Wednesday, May 27, 2015

Distribution of New Testament Manuscripts by Century

The Alands have a nice chart showing the distribution of Greek New Testament manuscripts by century in their textual criticism handbook, but the data are almost 30 years old now. Thankfully, it’s possible to update their chart with data from the online Kurzgefasste Liste.

Here is the absolute distribution:

Absolute Distribution of New Testament Manuscripts by Century

And here is a distribution as a percentage of all the manuscripts for each century:

Percent Distribution of New Testament Manuscripts by Century

Of course there are caveats. These are simply based on the Gregory-Aland categories with the problems that attend them. Second, I followed the Alands in listing a manuscript with its upper date range so that a 2nd/3rd century manuscript is listed in the 3rd here. There were just over 300 manuscripts that fall into that category. Lastly, I made sure my own data was clean before I produced my charts, but I don’t make any claims that the numbers are 100% accurate.

Feel free to correct these, use them in your lectures, or frame them for your children’s wall.


  1. I think it's important to mention the size of the MSS. Many of the early MSS are tiny and incomplete.

  2. Thanks Pete, I can well imagine using them in lectures.

  3. I have already pasted them into a powerpoint (substituing an older chart).

  4. I had no idea the INTF site was such a shambles. Here is a list of what is wrong for just p39. Wikipedia does better in several repsects.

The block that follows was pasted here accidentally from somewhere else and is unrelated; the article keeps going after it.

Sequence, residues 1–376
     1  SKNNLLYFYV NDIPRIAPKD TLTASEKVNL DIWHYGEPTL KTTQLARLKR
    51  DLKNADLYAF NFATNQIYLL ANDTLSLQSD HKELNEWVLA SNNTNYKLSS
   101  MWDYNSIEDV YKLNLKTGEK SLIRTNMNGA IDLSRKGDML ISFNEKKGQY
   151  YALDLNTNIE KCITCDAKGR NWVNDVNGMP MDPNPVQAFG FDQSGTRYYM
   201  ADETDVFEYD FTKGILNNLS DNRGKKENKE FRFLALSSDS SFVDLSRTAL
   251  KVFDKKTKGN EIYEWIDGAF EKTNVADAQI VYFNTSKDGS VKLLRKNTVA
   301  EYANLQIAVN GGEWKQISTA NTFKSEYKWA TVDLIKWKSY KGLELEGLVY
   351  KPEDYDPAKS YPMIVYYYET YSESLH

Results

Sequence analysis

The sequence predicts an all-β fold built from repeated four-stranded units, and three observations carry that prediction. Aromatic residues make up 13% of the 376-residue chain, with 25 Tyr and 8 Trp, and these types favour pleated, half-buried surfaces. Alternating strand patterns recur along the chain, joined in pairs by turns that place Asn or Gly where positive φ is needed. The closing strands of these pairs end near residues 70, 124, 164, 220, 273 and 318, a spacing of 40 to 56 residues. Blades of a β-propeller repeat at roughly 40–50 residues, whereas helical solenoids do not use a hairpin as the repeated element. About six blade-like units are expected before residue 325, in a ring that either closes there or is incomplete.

1. Institute: Ambrose Swasey Library, not the Green Collection, Oklahoma City. (so does the IGNTP for that matter, although it mispells the name “Swabey”).
    The Bibliography takes note of the sales catalogue, although lsiting it three times is a bit excessive: Anonymus. “Sotheby’s Auktionskatalog ‘Fine Books & Manuscripts’, Auction in New York, 13-18 June,” n.d.
    2. The is not referred to (P.Oxy. XV 1780).
    3. There is no link to the LDAB link,
    4. and none to Clarysse-Orsini’s redating, in Eph. Theol. Lov. 88 (2012), p. 462 and 470 [AD 275-300])
    5. The transcription introduces new editorial signs without explanation (at least I could not find a list of conventions). [ερχομαι] η̣*n που υπα-

    1. Sorry, there is a link to the LDAB page; the n* notations a version of the DDBDP *, which alerts the reader to a variant reading. I could only read the n*(ote) on the INTF page by looking at the source code, however. Must be using a wrong browser or something.

    2. I think the bibliography section is a new addition. I don't remember seeing bibliographies until a week or two ago. (I may be wrong though). I suspect teething problems rather than a general shambles.

  5. It will be interesting to compare your chart with my one of the Apocalypse manuscripts that I showed last year in San Diego. Thank you for your work on the manuscript list.

  6. This is really useful. I appreciate you sharing this!


  8. These are great. I'm putting them into an overview presentation on TC.

  9. This is very helpful. Thank you.

  10. I wonder what comparable graphs would look like for the versions e.g. the Latin.